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The Procrastinating Child

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The Procrastinating Child

A Parent Says…

After school, my boys come in and get a snack and it’s homework time. At the blink of an eye, the seven-year old is at the table and saying he is finished with everything. And he is.

On the other hand, when my ten-year old sits down to do his homework, in the back of my mind I’m thinking, “Here we go again!” I feel that we have tried just about everything to speed this process along but, most days, homework time extends into bedtime. While sometimes, it’s true, there is just too much homework (see  TOO Much Homework!), many times it is a case of the, “Hang on. Just a minute. I just have to….(fill in the blank).”

My typical suggestion to my son is to do his homework up in his room. He has a desk with a light and all of the needed supplies. It is also lacking one younger brother. When I go up to check on the progress made, I usually find a blank paper (or close to it) and a little something that is very, very interesting in my child’s hands. When I ask how things are going, I usually get, “This is too hard. I can’t do this!” According to test results, this child is gifted. I’m thinking he probably can “do” it. The question is, why doesn’t he? You may be thinking ADD or ADHD. Nope. He was cleared of all that business. So what is up with spending hours before he gets going on the task at hand?

Okay, I must come clean here. I spent years in school doing the exact same thing. I waited until the pressure was so great that I was in tears before I would put pen to paper. Is this some sort of perfectionism? Is this an overwhelming need to create a situation that is insurmountable so that there is a glorious excuse not to succeed? It might feel better to fail because the “teacher gave us way too much homework” than to fail because I just didn’t know an answer or wasn’t quite up to the high standards I set for myself.

I can see that if we do not get a handle on this problem, it will plague my son for years to come. Will it stop when he enters the workforce? I’m going to take a stab at this and say, “No, it won’t.” If I had papers to grade as a teacher, I waited until I had a stack as tall as my brain could handle before I’d sit down and dig into it. When I was a writer, the situation was grave. I put so much pressure on myself that I would be literally sick with worry about the assignment I had not yet started.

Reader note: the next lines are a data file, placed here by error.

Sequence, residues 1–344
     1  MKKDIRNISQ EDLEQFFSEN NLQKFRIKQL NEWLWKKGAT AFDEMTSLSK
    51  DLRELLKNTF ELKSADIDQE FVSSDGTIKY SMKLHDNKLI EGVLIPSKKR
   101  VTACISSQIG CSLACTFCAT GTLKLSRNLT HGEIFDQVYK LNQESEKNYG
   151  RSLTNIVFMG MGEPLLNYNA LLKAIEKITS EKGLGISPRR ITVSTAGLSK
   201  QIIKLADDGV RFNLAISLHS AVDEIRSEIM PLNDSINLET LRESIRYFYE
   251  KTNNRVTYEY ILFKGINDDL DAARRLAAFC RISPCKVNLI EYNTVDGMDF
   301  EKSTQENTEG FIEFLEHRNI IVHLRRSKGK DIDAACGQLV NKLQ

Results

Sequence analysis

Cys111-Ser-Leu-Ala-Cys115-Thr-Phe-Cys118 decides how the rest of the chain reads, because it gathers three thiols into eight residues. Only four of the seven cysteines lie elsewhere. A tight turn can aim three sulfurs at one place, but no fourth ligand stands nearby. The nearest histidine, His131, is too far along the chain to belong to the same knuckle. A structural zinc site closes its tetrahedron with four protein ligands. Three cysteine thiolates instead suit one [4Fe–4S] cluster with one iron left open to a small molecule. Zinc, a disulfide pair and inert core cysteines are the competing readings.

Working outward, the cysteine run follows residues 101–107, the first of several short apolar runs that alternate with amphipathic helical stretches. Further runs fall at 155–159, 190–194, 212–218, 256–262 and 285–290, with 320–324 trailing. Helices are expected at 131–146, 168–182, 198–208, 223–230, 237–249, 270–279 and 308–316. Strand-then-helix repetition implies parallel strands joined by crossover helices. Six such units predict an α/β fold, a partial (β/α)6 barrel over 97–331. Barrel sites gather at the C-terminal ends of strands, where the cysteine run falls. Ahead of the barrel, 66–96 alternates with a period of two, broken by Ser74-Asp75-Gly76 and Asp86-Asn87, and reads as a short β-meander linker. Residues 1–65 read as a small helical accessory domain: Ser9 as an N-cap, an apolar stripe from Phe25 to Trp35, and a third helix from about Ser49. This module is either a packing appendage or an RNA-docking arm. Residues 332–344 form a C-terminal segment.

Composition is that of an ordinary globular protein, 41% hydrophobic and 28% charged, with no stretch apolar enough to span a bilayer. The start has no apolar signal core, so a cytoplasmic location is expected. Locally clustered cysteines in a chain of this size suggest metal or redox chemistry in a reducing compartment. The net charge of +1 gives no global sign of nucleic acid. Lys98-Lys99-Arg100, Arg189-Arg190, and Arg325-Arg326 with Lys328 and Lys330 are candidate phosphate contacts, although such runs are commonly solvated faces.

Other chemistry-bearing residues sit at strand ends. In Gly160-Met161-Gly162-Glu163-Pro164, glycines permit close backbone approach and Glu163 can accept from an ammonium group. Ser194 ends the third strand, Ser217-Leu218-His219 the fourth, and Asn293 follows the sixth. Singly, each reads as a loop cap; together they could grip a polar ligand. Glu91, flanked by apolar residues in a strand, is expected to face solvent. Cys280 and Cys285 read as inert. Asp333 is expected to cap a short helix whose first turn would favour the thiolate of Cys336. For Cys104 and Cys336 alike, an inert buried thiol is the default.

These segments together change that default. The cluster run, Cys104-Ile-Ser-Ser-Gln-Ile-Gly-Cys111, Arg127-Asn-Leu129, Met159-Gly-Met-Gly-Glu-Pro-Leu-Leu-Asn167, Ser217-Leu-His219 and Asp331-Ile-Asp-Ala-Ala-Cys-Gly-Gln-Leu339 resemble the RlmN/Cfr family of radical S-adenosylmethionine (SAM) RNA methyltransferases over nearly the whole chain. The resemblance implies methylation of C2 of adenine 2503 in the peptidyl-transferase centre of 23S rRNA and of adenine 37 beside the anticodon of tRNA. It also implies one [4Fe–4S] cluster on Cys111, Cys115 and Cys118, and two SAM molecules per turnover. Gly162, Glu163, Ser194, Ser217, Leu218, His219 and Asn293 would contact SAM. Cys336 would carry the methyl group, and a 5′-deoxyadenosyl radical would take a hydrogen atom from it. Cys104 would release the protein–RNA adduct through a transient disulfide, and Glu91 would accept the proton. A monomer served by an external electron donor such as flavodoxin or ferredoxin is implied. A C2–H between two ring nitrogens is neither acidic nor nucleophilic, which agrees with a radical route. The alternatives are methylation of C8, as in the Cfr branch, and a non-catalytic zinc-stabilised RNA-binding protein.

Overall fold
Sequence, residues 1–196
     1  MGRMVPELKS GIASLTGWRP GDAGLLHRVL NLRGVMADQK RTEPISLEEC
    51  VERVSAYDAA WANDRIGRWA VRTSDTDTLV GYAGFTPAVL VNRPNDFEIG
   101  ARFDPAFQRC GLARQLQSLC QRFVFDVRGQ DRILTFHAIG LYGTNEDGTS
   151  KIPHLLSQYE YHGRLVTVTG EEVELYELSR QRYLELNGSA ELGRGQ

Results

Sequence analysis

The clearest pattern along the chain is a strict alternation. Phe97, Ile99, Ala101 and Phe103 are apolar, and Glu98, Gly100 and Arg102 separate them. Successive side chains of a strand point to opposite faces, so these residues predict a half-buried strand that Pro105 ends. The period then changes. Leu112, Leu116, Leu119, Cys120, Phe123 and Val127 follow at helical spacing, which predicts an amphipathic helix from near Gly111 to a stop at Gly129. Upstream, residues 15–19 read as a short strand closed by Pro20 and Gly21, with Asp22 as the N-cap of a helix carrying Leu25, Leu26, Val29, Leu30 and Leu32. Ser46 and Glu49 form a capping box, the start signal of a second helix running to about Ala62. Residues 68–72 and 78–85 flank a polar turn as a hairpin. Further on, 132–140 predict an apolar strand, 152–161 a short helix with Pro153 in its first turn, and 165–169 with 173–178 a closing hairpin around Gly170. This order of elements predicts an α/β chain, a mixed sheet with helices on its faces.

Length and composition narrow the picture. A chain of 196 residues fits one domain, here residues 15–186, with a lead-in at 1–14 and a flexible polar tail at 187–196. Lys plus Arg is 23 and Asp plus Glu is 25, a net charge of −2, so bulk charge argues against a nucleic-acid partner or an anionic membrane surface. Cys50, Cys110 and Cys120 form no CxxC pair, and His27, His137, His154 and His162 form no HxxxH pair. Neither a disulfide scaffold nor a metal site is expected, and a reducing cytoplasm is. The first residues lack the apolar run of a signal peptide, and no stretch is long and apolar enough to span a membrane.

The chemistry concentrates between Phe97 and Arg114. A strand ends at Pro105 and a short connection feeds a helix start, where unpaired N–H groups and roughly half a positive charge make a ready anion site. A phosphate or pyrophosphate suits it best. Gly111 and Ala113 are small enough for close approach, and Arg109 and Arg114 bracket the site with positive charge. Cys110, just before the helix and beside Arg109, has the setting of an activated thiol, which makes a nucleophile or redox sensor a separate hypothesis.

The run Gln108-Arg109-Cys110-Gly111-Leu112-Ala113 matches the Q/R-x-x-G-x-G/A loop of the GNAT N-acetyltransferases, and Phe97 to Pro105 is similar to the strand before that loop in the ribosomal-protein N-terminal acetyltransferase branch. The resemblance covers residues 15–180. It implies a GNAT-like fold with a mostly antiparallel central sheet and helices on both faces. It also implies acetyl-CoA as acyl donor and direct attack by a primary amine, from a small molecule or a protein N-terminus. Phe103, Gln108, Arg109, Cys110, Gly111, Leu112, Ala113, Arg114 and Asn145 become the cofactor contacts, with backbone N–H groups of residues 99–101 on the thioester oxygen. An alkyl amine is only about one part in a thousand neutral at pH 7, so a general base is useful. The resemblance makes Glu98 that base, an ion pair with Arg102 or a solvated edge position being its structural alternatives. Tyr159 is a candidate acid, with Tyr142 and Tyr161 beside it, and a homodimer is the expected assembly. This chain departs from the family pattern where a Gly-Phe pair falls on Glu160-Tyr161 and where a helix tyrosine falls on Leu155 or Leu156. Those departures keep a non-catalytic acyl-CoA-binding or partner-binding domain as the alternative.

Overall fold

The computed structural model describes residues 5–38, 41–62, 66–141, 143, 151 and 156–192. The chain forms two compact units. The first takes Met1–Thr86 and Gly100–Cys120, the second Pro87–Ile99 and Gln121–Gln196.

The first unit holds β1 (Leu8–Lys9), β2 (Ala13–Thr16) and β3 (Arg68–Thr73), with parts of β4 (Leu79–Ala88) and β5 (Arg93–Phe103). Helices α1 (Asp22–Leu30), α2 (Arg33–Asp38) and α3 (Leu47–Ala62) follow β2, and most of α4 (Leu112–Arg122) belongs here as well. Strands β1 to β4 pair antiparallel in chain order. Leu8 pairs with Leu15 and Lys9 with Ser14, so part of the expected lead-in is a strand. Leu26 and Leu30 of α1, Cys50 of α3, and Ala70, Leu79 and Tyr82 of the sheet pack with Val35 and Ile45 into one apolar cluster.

I don’t feel that I get much support from teachers on this, though I believe many of his at-home assignments are a result of him not completing things in school! At my suggestion, my son is now recording all assignments in his “planner” and the teachers are initialing it. This seems to help. It felt like I had to move a mountain before I got this accomplished, (one more thing for them to do?) but the routine is now in place. We also use a timer and try to break longer assignments into chunks. I will admit, though, that it is hard to remember to do this every time. However, I

There has to be some great idea out there that will take the misery out of learning. Help!

 

A Teacher Says…

It’s not easy for kids to focus against the competing forces of TV, computer programs and video games. Parents and teachers have their work cut out for them. Some kids procrastinate because they fear failure — this is particularly true of gifted children. Avoiding the task seems like a better alternative than not doing it perfectly. We all pay greater attention, of course, when we’re interested, but it’s important to teach your child ways to focus. Talk to him about procrastination and how it has negatively affected you. Let him see you sticking to and completing a project that frustrates you.

Using a timer and breaking the homework session into segments is a good idea, as long as you’re consistent. At the onset of each session, ask your child questions and help him devise a plan of attack for completing the task at hand. Do this each time, right before you set the timer. Even if you’re frustrated, try to focus on the positive. Praise him for his accomplishments: “I’m proud of the way you kept working on those math problems, even though I know you get frustrated with fractions.”

Psych Central offers 8 good tips for helping your child pay attention.

 

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One Response to “The Procrastinating Child”

  1. Barry says:

    Good suggestions. Thanks!

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